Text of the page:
I should preface my first post here at Fansided by introducing myself. I am from Portland, Oregon, and I’m a huge fan of both the Trail Blazers and the Mariners. During the past rec-league, slow-pitch softball season, my glove tallied a 26.4 UZR in center (source questionable), placing me squarely between Coco Crisp (2007) and Andruw Jones (2005) for third-best season among center fielders in the last decade.
Well now that you know me, let’s move to one of my favorite topics: Ichiro!
Ichiro’s sudden decline last season is well documented. He recorded just a .272 average on his way to his first sub-200-hit season this side of the Pacific. Worse yet was his .310 on-base percentage (OBP) from the lead-off position. Ichiro has always sported an excellent OBP–.370 career—but much of that has been tied up in his ability to hit, not his ability to walk. In fact, over the course of his career, hits and reaching on errors have made up more than 82% of Itchy’s total trips to the basepaths. So when his average went down last year, his OBP fell just as quickly.
This brings us to the topic of his position in the lineup. MLB.com reports that Eric Wedge is considering moving Ichiro down from the leadoff spot, possibly to the two or three-hole. With only 13 career starts at a position other than leadoff, we have very little idea of how he’ll perform there, but his skill set suggests that it might be a better spot for him.
From the leadoff spot, Ichiro looks out to see the bases empty more than any other hitter in the lineup. The BOOK informs us that leadoff players hit with runners on base 36% of the time, while the next-lowest position in the lineup gets to hit with runners on 44% of the time. Ichiro’s career numbers are right in line with that research, as he has seen men on just 35% of all trips to the plate during his career. Observe some important numbers in my rectangular chart.IchiroPA1B%U-BB%OGT
Quick explanation: we’re looking at the percentage of plate appearances resulting in singles, unintentional walks, and then the cleverly abbreviated “Other Good Things,” (like intentional walks, hit-by-pitches and reaching on errors).
A huge percent of Ichiro’s success in both situations comes in the form of singles, which—with the bases empty—are worth exactly the same as a walk. Essentially by hitting Ichiro first, his ability to put the ball in play and reach base is partially wasted on empty bases, whereas increasing the proportion of times he comes to the plate with runners on would turn many of those singles into RBI. You know, kill two birds with one stone. Or something.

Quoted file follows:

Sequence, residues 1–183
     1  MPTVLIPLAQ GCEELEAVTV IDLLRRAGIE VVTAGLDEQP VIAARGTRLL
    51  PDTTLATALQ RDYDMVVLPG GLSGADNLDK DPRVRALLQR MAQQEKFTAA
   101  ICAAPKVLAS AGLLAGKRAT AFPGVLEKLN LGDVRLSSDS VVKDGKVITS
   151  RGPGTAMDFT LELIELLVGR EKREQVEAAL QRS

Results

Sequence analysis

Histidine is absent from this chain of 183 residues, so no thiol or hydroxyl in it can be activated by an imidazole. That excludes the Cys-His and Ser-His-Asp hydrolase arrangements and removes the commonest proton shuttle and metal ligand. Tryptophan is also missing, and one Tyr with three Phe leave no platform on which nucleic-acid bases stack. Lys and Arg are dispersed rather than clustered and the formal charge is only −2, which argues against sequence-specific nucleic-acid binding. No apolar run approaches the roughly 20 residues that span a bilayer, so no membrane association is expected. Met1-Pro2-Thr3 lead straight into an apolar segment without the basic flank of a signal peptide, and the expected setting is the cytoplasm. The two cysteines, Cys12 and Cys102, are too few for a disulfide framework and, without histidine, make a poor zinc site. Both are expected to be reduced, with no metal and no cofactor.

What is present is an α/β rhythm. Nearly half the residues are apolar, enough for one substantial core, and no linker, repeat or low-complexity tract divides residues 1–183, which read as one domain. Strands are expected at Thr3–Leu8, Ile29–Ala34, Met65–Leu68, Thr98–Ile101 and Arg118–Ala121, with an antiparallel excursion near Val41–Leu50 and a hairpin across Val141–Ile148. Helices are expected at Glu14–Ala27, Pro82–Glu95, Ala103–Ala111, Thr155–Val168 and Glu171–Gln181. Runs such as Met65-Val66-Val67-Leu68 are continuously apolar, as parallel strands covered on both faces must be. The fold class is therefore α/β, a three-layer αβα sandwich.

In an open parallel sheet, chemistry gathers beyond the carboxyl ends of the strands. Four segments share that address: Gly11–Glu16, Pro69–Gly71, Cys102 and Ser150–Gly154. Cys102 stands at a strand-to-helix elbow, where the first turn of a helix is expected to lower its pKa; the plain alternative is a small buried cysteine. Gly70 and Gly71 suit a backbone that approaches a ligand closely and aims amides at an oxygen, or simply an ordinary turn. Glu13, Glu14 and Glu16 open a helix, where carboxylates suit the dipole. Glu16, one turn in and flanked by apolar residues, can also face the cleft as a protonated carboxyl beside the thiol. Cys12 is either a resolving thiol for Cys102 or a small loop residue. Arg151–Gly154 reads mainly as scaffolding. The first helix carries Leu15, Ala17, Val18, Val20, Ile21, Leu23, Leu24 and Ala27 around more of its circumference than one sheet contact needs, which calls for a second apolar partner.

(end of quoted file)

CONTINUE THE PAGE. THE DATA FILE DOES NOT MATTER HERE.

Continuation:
So in theory, it seems as though moving Ichiro down the lineup card would be a good thing for both him and the team. This would require that his production doesn’t dip even further adjusting to a new spot in the order, and that the Ms have a reasonable replacement atop the lineup.
As for production, Ichiro can obviously hit with runners on base. As with most players, all of his stats improve in those situations. Additionally, Ichiro has slashed .324/.410/.412 (avg/obp/slugging) in his 78 chances batting from somewhere other than leadoff. While I know as well anyone to be cautious around small sample sizes, this is definitely not bad news. And outside the stats, Ichiro has always come across as the professional of professionals. If anyone can handle a change in lineup scenery, it’s him.
As for other leadoff options, this might be the perfect opportunity to give—shudder—Chone Figgins one last chance. His most recent productive season (2009) came from the leadoff spot, and he has a history of solid patience. A greater percent of his trips to first come by the walk compared to Ichiro, and Figgins can then turn walks into doubles with the best of them. As recently as 2010 he put up a walk rate of 10.5%, compared to the league average of 8.5%. That’s basically 20 OBP points over an average hitter, exactly what you want from your leadoff man. Of course, he actually has to be able to hit, too. This would definitely be an experiment with a short leash.
If you’d rather Figgins played left bench on another planet, then I think the best option for leadoff is Dustin Ackley. He posted a 10.6% walk rate in his rookie season, good for a .348 OBP. Though it was just half a season, he has the minor league numbers to back it up, posting a 14% walk rate to go along with a .387 OBP between West Tennessee and Tacoma. A lineup that goes Ackley, Jesus, Ichiro, Smoak actually looks almost formidable. I realize “formidable” and “Mariners lineup” don’t really go together, but that’s definitely a solid top four.
If you couldn’t tell, I am in full support of moving Ichiro down in the lineup during his final contract year. His contact skills are more suited for just about every other lineup position, and we have a great option for leadoff in Dustin Ackley.
*Thanks to Baseball-Reference for all its wonderful numbers.